Now the kernel_task (pid 0) was hogging memory... When it reached 1.5 GB (out of 2 GB physical memory), I tried to shutdown the system (did not work, I had to do a forced shutdown). Afterwards, I could not boot any more into Mac OS X... Which was quite understandable, since half of my System folder was deleted, and many bundles in the Applications directory had some of their resources deleted, too. Unfortunately, I could not reinstall Mac OS X with "Archive & Install", as my startup volume was corrupted now and could not be repaired. I suspected some hardware error, but Apple Hardware Test reports everthing as ok (knock on wood... I do not need two dead Macs, see my next posting...).

So, take this as a warning to make backups on a regular basis (I'm glad I did). And before installing Xcode 2.2, you might want to uninstall the previous version first. As my iMac hardware works ok, I still suspect a software bug in the Java documentation postflight script - even after a completely new reinstall of Mac OS X 10.4.3 and Xcode 2.2 I get some strange errors from the script (yes, this time I saved it ;-):

run postflight script for Java 1.4 Reference Documentation
postflight[641]: /bin/mkdir -p "//System/Library/Frameworks/JavaVM.framework/Versions/1.4.2/Resources/Documentation/Reference"
postflight[641]: rmdir: //Developer/ADC Reference Library/documentation/Java/Reference/1.4.2: Directory not empty
postflight[641]: PSSniffer error: Not a directory
postflight[641]: ***** Errors found during indexing. *****
postflight[641]: Rerun pbhelpindexer with the '-d' debug switch for a complete transcript of the errors and associated files.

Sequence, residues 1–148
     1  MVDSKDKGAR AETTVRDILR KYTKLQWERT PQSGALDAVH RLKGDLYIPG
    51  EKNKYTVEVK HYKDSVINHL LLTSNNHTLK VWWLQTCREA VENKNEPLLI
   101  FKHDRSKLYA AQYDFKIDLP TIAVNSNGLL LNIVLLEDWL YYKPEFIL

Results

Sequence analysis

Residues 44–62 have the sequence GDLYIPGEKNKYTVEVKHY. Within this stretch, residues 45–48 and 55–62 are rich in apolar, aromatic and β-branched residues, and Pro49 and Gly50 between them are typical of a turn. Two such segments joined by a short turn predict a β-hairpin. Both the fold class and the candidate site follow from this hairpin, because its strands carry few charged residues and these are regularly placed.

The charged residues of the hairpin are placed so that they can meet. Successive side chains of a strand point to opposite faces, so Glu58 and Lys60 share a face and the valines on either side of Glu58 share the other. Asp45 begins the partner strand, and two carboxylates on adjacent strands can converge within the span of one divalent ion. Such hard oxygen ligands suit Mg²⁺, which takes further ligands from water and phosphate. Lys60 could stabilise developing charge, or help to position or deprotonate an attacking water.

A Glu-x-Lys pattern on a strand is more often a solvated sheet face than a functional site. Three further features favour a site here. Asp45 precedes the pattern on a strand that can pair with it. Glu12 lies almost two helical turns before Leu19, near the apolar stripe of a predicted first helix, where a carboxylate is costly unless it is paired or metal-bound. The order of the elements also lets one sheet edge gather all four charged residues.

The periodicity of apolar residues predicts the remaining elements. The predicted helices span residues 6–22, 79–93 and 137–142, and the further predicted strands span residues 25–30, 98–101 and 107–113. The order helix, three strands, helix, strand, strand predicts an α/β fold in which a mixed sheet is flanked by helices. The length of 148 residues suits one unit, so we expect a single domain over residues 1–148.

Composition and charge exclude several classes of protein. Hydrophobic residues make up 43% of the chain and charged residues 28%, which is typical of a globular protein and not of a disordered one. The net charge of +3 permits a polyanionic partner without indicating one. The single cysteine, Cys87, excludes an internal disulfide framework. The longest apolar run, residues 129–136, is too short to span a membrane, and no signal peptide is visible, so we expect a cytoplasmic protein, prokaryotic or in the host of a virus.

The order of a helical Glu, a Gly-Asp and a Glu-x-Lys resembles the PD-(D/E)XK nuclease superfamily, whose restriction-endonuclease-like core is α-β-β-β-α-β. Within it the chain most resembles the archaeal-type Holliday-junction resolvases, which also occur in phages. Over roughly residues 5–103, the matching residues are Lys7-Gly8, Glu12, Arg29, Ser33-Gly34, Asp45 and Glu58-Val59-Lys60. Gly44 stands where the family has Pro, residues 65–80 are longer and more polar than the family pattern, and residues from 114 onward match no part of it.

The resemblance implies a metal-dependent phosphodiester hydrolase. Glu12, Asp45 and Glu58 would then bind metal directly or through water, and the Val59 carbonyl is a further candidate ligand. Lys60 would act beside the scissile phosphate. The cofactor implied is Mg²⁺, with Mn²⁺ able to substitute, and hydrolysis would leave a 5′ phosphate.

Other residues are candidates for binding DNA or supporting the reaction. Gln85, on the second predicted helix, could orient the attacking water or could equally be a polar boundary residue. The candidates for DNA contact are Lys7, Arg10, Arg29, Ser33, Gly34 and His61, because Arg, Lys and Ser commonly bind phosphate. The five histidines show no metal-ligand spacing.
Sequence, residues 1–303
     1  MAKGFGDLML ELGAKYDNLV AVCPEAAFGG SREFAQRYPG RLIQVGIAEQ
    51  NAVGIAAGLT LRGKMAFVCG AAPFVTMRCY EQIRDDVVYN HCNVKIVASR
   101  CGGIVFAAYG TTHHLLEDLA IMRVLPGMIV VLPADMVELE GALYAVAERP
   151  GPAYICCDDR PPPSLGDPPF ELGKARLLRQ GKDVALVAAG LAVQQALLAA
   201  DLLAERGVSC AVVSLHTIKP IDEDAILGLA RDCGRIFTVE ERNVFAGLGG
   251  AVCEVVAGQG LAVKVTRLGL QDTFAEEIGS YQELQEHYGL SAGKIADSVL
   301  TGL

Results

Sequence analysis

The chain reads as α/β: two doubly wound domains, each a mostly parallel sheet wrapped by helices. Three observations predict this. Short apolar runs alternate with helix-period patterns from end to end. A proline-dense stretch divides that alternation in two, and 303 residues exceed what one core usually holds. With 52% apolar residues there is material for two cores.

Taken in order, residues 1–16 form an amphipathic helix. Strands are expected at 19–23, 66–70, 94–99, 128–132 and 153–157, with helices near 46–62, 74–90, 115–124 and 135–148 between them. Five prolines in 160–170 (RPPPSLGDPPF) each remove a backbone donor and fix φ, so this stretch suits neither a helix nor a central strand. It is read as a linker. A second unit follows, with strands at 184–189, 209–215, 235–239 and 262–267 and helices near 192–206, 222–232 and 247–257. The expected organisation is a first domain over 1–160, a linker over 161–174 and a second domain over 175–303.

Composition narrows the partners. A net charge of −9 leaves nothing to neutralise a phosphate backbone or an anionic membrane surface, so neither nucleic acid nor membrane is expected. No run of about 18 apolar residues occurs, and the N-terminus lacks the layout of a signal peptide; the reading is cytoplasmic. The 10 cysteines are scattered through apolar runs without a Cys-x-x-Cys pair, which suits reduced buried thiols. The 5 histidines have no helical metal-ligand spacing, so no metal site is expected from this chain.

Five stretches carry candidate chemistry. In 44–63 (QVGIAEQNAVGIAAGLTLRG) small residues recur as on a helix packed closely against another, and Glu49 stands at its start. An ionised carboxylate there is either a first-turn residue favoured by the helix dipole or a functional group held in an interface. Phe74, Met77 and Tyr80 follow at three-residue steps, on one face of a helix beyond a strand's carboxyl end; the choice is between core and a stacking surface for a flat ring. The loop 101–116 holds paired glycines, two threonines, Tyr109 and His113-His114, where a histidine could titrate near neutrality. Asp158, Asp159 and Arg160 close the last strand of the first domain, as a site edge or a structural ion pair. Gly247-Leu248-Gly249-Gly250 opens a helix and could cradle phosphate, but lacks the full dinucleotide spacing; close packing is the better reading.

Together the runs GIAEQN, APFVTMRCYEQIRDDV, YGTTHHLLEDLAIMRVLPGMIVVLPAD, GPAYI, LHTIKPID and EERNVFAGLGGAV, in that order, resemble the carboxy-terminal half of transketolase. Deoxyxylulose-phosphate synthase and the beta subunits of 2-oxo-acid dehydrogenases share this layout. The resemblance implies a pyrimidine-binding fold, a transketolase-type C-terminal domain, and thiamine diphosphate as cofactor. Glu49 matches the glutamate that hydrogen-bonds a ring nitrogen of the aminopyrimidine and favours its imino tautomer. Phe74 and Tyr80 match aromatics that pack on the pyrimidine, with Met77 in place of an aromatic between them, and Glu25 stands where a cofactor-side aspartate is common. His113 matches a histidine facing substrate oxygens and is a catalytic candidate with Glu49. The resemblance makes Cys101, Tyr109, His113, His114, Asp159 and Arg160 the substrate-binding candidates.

run postflight script for Developer Documentation
postflight[670]: mv: rename //Developer/ADC Reference Library/documentation/Java/Reference/1.4.2/appledoc/api/dummy.html to //Developer/ADC Reference Library/documentation/Java/Reference/1.4.2/appledoc/api/index.html: No such file or directory

Posted by Thomas Much at 10:47
Categories: Apple & Mac OS X

Tue, Nov 01, 2005

Mac OS X 10.4.3 and the System keychain

When I updated my iMac G5 to Mac OS X 10.4.3 this morning (using the "Combo" update), I was prompted for the "System" keychain's password after every reboot:

System keychain

Obviously, the system tried to read the Airport password from the keychain - which was absolutely not necessary, as access to Airport was working flawlessly even if you pressed Esc or clicked "Abbrechen" ("Cancel"). And the correct password was hard to guess, since the System keychain's password is usually generated automatically (random).

There is a simple solution to this problem: Just move the file System.keychain from the folder /Library/Keychains to the trash (and drag it from the trash to a safe place, e.g. the desktop, afterwards - just in case). Reboot, enter the correct Airport password in the Network preferences and switch Airport off and on once. There haven't been any annoying alerts since, and removing the keychain doesn't seem to have any negative side effects.

Posted by Thomas Much at 19:09
Edited on: Tue, Nov 01, 2005 19:25
Categories: Apple & Mac OS X